Former News of the World editor is back - as editor-in-chief at Mort
Zuckerman's New York Daily News
News of the World editor Colin Myler has been appointed
editor-in-chief of the New York Daily News. Photograph:
The man who was editing the News of the World when it was closed by
Rupert Murdoch, and whose editorship of the Sunday Mirror ended after
his paper collapsed a trial, is back – this time at Mort Zuckerman's New
York Daily News.
Myler knows New York, having spent the first half of the last decade as
a senior executive at Murdoch's New York Post. The coming battle with
the Post will be quite some boxing match.
Yet, Zuckerman's appointment is hardly short on risk. Though Myler was
not caught up in the phone-hacking scandal, his editorship of the News
of the World had its controversial moments. If Murdoch's Post feels a
little shy about bringing them up, there are plenty in New York who
will. And that's before every public, police and parliamentary inquiry
Let's recap the issues:
• The who knew what and when question about the extent of phone hacking
at the News of the World. Myler's editorship came after the hacking, of
course, but square in the middle of the time when the Murdoch machine
said it was all down to a "single rogue reporter". News International
seems to find a new email on this topic every week.
• The row about whether it was right to expose Max Mosley's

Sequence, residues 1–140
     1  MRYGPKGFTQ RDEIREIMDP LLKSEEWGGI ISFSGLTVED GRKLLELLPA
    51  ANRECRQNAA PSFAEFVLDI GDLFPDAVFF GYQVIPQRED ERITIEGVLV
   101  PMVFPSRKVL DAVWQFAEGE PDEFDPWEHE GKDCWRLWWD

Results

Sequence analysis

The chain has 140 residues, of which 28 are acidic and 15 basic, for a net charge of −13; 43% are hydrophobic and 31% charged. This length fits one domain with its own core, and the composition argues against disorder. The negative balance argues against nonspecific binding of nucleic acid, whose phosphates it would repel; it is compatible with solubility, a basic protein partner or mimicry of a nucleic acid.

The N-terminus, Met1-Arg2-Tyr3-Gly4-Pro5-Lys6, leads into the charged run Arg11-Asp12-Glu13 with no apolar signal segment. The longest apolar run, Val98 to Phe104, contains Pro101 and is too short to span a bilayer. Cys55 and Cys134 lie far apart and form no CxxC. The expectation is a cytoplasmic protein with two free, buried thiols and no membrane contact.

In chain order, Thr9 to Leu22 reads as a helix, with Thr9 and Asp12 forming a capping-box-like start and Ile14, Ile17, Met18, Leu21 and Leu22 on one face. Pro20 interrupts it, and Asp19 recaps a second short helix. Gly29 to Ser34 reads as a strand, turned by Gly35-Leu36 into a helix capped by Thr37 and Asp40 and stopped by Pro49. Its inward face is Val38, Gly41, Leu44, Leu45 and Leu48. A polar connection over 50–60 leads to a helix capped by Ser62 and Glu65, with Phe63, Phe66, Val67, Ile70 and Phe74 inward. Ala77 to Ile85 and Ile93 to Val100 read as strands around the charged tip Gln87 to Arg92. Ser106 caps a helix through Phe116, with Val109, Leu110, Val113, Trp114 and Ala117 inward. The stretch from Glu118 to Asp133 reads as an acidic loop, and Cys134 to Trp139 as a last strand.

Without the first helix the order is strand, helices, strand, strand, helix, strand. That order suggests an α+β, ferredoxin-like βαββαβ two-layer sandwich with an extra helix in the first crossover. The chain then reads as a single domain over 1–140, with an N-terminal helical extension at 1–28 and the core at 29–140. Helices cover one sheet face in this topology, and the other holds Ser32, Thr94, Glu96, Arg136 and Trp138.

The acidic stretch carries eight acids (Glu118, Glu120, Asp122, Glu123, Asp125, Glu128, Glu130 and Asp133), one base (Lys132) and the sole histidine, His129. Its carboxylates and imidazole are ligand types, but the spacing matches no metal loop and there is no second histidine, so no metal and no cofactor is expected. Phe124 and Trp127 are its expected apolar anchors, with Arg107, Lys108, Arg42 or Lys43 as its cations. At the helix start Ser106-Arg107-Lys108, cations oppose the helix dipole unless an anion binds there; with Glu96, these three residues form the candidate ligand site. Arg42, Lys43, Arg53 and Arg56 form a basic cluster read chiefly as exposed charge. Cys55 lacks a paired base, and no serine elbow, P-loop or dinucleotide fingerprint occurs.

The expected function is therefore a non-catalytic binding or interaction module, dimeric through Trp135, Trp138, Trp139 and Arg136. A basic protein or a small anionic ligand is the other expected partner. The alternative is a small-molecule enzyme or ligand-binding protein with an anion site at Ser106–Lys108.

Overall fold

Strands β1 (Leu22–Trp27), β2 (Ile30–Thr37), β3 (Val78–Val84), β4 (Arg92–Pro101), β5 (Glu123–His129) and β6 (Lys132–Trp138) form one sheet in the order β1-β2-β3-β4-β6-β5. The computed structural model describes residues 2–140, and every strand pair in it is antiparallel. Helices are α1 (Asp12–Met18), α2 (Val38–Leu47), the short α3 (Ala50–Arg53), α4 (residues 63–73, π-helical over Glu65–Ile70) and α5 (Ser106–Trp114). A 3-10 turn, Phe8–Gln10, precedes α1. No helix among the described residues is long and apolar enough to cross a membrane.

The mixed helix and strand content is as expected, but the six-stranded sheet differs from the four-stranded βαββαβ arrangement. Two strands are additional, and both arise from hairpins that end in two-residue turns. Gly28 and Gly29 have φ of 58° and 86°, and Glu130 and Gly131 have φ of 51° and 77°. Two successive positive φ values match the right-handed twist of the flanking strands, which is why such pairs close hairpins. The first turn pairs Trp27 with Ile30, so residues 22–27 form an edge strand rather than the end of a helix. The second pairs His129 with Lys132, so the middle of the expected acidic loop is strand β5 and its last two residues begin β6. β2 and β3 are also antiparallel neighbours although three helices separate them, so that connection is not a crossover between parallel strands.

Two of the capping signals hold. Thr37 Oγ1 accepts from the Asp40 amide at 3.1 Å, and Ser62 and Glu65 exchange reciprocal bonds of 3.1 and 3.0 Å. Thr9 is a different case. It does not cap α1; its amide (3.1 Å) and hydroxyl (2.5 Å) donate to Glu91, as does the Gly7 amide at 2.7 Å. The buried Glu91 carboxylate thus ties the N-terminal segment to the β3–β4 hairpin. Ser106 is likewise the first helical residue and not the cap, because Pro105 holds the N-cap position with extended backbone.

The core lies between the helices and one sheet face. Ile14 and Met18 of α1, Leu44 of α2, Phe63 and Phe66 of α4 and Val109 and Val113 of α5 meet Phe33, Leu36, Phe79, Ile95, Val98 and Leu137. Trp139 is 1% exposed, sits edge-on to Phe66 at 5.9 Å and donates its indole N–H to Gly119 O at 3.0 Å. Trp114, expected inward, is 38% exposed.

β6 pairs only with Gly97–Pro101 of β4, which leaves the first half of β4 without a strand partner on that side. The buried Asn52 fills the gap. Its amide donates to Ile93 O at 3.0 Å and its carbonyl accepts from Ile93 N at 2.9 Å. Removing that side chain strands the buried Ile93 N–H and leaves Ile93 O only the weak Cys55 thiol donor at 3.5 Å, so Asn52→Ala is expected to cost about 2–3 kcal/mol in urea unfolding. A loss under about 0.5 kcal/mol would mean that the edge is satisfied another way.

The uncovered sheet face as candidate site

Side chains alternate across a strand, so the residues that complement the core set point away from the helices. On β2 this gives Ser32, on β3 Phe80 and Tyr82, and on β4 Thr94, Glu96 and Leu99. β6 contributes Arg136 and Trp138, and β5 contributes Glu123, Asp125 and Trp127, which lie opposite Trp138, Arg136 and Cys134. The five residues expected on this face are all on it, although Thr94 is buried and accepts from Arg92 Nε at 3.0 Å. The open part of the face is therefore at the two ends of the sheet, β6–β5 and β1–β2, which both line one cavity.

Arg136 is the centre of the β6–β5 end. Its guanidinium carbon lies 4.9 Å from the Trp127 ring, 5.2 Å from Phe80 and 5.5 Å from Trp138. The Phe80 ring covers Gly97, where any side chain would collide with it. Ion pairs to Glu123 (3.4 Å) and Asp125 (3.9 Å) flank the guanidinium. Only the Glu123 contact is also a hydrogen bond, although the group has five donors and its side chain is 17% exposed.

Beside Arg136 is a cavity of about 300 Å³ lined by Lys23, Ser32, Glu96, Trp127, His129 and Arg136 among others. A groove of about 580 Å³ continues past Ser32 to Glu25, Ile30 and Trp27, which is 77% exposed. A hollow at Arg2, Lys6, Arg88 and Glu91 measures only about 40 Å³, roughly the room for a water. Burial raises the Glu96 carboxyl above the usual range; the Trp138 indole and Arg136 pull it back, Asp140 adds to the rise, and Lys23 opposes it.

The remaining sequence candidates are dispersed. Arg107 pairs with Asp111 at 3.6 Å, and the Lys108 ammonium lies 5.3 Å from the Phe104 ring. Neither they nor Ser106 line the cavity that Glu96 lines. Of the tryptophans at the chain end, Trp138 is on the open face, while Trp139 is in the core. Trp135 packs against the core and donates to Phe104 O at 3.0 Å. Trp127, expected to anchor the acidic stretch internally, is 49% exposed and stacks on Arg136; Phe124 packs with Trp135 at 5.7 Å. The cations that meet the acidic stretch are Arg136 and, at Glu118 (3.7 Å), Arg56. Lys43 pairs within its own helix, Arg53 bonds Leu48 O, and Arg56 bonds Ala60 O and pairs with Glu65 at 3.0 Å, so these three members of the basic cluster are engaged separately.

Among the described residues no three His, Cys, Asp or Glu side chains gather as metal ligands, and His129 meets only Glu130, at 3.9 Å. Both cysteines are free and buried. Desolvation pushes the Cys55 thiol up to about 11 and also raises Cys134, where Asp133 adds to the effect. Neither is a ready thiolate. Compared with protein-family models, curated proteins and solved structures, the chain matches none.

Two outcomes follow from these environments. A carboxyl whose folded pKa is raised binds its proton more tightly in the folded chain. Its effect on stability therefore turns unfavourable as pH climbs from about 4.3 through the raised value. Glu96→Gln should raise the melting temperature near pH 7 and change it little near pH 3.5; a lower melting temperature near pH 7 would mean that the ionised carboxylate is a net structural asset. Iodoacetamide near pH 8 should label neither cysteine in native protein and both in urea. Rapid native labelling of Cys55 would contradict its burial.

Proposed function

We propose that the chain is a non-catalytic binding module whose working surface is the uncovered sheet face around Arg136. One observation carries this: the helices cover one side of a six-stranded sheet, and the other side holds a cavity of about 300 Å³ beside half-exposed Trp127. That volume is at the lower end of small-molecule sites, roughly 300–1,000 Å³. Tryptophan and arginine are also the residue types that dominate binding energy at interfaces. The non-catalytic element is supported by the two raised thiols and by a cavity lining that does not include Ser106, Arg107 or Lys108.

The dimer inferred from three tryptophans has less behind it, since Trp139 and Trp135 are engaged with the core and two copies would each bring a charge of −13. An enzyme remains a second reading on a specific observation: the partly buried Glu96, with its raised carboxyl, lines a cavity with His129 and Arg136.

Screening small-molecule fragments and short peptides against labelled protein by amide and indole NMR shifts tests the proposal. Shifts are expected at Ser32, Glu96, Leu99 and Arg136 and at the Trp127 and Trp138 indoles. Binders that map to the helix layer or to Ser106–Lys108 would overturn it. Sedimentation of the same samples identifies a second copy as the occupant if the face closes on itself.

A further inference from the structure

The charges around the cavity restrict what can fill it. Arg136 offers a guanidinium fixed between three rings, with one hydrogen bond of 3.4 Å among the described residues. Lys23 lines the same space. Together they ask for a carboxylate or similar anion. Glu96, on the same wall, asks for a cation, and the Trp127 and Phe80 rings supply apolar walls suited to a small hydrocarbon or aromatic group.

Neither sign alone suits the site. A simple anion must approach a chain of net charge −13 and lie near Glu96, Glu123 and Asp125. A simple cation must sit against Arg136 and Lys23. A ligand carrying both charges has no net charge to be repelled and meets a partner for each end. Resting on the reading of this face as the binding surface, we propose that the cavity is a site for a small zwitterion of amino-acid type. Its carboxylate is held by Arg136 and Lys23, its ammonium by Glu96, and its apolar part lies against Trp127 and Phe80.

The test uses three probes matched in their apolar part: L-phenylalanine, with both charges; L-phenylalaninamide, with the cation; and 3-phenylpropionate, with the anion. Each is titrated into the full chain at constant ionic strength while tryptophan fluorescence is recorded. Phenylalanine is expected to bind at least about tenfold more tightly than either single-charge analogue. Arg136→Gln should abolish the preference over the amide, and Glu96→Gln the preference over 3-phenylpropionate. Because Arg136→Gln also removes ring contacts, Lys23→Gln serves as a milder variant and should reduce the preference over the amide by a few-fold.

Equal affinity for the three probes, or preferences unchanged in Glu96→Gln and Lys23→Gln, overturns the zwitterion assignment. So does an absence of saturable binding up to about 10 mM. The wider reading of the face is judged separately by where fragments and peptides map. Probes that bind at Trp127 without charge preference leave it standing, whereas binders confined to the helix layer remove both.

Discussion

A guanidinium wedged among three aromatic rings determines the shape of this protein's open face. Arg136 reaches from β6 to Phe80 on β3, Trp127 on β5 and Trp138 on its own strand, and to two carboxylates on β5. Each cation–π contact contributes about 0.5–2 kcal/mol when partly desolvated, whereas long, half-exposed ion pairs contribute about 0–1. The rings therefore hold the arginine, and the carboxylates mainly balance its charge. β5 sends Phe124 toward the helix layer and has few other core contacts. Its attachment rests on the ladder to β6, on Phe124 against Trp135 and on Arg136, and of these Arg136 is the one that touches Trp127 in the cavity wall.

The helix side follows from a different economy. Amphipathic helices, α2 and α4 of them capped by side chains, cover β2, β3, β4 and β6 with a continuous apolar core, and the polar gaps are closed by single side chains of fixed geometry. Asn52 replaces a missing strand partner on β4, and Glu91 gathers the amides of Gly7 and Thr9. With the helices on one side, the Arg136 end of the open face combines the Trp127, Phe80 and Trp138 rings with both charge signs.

sadomasochistic orgies. And whether it was right to post a video of the
motorsport boss on the internet.
• The decision to publish Kate
McCann's personal diary without her consent. Kate McCann's daughter,
Madeleine McCann, was abducted while she and her husband were on holiday
• The ongoing criminal inquiries into corrupt payments to police
officers at the News of the World. Several reporters who worked under
Myler and his predecessors have been arrested. Let's be clear – there is
no evidence that links Myler to any of this. But it is not certain what
could be thrown up: after all just an embarrassing story could cause the
new editor some concern.
Of course Myler's editorships are not without achievement – the exposure
of Pakistani cricket corruption being one. But there is no shortage of
material for US critics to reheat and replay – and while Myler may have
heard it all before, the question is, what will the News's readers think
when they hear it for the first few times?
Paul Dacre, the editor-in-chief of London's formidable Daily Mail, wrote
that the secret of editorship was determining when to be cautious and
when to be bold. Easy to say, hard to do. But does Myler's track record
show he has good judgement in this area? What is for sure is that
Zuckerman, the owner, has been very bold indeed